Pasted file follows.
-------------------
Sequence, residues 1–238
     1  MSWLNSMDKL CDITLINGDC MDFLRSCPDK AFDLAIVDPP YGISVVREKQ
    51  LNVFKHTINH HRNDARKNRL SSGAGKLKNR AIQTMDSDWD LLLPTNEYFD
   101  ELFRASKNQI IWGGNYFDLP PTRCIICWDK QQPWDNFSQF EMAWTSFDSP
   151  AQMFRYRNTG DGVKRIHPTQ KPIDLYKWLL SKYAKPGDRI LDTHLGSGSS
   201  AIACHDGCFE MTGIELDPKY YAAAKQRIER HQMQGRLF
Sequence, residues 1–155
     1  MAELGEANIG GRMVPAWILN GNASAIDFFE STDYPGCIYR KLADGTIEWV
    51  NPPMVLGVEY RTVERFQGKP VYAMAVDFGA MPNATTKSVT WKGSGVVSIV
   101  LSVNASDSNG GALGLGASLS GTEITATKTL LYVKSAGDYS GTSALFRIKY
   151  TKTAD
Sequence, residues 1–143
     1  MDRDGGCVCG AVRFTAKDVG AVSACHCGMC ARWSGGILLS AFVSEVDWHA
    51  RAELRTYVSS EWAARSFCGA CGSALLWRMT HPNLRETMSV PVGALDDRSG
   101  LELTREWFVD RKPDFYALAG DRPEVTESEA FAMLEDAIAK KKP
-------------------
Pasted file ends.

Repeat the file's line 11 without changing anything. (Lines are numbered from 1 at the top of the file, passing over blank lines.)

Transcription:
   151  TKTAD